“It was a very good film about those kind of people,” he says. “But the problem was, that was it — there weren’t films about us. When I was a young actor, I understudied Peter O’Toole in The Long And The Short And The Tall in which he became a star ... that was funnily enough the first play I think ever written about English privates. I remember when I was young, we always went to see American war films because they were about private soldiers. We never went to see the English films because they were all about officers.”

Caine’s struggles as a young actor are well-chronicled. He talks darkly about doing two days’ work with his friend Oliver Reed in bit-part roles on a Norman Wisdom film, an experience he didn’t enjoy at all (Wisdom “wasn’t very nice to support-part actors”, he says). Caine had been happy just to make ‘a few quid’ working in rep, eking out a living but at least being paid to act. He had changed his name first to Michael White and then, when he joined Equity, to Michael Caine.

By the time he landed his breakthrough screen role as the upper-class officer in Zulu (1964), Caine was already in his thirties. Caine stills insists that he would never have been given the part (which kickstarted his movie career) if the film’s director had been English. Old snobbish attitudes were too entrenched. There was a loosening, though. He and his contemporaries were finding their way into worlds previously closed to them.

In the Sixties everyone flocked to London. The film showcases several photographers who recorded swinging London, David Bailey tells Caine that he got into photography because he learned how to process pictures on his mother’s Kodak Brownie and liked to take pictures of ‘birds’. This prompts a chuckle — Bailey meant the winged variety, not women in mini-skirts, even if the famous saying about him was ‘David Bailey makes love daily’. One of the refreshing aspects of the documentary, though, is the absence of sexism. Mary Quant, Twiggy, Jean Shrimpton and others were as much at the heart of the Sixties as Caine or Bailey.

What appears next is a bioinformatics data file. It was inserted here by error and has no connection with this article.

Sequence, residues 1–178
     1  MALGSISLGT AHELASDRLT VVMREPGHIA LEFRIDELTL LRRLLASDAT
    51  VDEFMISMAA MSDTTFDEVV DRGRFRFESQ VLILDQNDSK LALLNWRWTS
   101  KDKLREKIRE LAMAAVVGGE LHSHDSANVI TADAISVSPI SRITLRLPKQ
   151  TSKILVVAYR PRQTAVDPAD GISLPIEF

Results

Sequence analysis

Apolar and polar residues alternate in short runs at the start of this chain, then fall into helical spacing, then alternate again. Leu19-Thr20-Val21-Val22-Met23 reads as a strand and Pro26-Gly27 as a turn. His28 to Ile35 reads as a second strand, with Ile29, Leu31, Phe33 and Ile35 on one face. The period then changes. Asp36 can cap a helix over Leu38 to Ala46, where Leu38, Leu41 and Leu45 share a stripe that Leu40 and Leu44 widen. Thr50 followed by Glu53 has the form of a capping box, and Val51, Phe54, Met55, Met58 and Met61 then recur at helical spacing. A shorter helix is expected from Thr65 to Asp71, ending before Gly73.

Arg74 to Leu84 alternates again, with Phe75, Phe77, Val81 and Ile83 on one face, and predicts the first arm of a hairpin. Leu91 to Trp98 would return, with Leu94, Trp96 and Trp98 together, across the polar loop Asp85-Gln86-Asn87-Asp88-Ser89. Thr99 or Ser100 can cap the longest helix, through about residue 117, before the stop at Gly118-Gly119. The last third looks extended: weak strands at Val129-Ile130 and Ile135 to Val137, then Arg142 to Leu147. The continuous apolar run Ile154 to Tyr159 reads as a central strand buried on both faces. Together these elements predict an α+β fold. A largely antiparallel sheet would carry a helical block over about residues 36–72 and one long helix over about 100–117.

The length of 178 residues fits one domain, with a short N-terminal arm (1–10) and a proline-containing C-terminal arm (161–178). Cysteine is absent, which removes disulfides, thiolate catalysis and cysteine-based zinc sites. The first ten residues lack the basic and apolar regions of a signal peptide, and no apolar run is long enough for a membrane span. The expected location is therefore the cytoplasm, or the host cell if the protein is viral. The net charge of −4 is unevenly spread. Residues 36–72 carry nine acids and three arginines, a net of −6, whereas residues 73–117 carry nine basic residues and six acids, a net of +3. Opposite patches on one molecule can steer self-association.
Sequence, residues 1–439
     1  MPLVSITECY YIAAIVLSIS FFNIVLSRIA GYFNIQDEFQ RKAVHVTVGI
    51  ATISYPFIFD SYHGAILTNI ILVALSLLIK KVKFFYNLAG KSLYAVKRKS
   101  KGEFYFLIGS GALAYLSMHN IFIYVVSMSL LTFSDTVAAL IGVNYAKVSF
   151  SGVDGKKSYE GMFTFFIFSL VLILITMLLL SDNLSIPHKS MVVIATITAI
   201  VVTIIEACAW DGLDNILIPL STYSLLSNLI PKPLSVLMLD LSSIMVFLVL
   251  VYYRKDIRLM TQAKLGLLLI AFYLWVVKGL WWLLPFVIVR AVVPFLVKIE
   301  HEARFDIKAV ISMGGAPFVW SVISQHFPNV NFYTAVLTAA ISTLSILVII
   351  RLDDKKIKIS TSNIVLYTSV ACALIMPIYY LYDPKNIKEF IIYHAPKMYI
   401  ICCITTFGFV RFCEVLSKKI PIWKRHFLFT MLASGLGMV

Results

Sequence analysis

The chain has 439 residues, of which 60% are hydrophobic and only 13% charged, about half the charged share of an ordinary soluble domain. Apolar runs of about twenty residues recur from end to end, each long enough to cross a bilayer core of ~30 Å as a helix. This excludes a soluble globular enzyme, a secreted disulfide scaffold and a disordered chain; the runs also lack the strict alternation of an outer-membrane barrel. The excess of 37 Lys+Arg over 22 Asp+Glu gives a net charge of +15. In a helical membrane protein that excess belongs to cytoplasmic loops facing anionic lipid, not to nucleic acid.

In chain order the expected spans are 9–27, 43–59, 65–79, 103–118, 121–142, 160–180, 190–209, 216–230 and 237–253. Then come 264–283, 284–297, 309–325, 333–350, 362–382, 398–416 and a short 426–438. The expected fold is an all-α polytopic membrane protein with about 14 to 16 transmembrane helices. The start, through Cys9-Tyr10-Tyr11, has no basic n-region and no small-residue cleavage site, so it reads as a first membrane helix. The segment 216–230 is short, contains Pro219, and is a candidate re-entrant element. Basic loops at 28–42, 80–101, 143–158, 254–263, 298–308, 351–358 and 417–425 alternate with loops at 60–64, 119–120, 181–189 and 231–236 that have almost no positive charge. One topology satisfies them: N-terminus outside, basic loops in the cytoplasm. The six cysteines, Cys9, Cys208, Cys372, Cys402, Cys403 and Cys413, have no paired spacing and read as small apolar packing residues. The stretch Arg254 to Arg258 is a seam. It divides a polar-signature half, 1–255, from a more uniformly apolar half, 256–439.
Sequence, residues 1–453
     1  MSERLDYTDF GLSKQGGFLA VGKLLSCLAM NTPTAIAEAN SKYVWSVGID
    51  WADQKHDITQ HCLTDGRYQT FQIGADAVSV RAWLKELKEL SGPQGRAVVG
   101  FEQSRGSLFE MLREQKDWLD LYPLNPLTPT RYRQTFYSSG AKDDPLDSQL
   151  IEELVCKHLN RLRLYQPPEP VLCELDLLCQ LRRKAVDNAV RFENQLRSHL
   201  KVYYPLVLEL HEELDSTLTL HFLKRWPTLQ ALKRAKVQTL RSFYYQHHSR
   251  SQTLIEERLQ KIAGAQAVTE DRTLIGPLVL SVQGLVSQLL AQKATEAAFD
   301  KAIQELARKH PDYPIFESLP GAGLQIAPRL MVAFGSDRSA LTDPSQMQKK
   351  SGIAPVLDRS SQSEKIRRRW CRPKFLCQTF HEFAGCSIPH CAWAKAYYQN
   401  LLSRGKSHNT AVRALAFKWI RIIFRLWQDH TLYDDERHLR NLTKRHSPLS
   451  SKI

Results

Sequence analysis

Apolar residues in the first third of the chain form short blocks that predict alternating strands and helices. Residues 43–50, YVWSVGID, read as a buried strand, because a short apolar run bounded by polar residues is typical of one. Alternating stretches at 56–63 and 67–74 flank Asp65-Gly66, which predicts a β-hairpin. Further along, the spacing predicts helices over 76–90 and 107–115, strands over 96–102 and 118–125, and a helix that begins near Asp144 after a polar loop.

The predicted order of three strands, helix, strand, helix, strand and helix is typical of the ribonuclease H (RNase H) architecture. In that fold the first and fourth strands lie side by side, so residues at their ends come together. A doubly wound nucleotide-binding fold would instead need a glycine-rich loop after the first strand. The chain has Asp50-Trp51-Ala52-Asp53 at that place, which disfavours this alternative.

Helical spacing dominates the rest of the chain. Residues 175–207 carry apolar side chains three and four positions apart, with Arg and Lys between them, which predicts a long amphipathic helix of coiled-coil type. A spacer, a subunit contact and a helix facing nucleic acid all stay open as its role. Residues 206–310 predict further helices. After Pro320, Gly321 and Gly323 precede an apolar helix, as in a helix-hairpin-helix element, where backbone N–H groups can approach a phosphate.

Caine mentions his old friend David Baron, an out-of-work actor who decided to write plays. “He said to me, ‘David Baron isn’t my real name. When I start to write plays, I am going to use my real name’. I said to him, ‘What’s your real name?’.” Back came the reply: ‘Harold Pinter.’ Pinter wrote the play and Caine appeared in it. “Things like that happened. You were almost forced not to fail ... That’s how the Sixties changed the country.”

In American accounts of hippy culture and the summer of love, the hangover sets in with Altamont, Charles Manson and the Sharon Tate murders. Caine suggests that what brought the swinging Sixties in Britain to an end was drugs. No, he didn’t indulge himself. Richard Harris once gave him some marijuana which made him laugh so hard he almost “had a hernia”. “It was midnight. I was trying to get a cab him from Grosvenor Square to Notting Hill Gate and I was standing on the corner, laughing maniacally. No cab would stop for me. I had to walk all the way home to Notting Hill.” After that, he never smoked marijuana again. “It also affects the memory and as an actor, I’ve to remember lines.”

In the documentary, we see archive footage of Caine as a successful young movie star meeting a kindly old former neighbour in the London of his childhood. She greets him with delight and tell him he looks just like his dad. In his autobiography, Caine tells a strange story about revisiting the Elephant and Castle and spotting another small man unnoticed in the crowds, also on a nostalgic return journey to his old haunts. It was Charlie Chaplin. The legendary comedian couldn’t hide his sadness at the way “developers had torn” the area apart.

In his 80s, Caine remains as busy as ever, and even though he has just revisited the Sixties in My Generation, he doesn’t like to dwell on the past. “I don’t feel nostalgia. I never look back. I feel extraordinarily lucky, not about my talent or anything, but about the timing,” he says.

The Sixties helped make Caine... but, of course, Caine helped make the Sixties too.

My Generation will show at the BFI London Film Festival from October 4-15